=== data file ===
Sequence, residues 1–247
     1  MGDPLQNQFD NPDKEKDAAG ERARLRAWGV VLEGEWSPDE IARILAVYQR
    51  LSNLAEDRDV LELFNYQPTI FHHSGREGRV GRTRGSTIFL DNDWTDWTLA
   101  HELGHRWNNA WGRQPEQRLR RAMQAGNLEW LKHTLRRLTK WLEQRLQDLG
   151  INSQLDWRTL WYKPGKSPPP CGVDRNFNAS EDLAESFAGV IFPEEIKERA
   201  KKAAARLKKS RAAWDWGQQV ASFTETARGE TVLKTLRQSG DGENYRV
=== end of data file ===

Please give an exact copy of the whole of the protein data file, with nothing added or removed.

Sequence, residues 1–247
     1  MGDPLQNQFD NPDKEKDAAG ERARLRAWGV VLEGEWSPDE IARILAVYQR
    51  LSNLAEDRDV LELFNYQPTI FHHSGREGRV GRTRGSTIFL DNDWTDWTLA
   101  HELGHRWNNA WGRQPEQRLR RAMQAGNLEW LKHTLRRLTK WLEQRLQDLG
   151  INSQLDWRTL WYKPGKSPPP CGVDRNFNAS EDLAESFAGV IFPEEIKERA
   201  KKAAARLKKS RAAWDWGQQV ASFTETARGE TVLKTLRQSG DGENYRV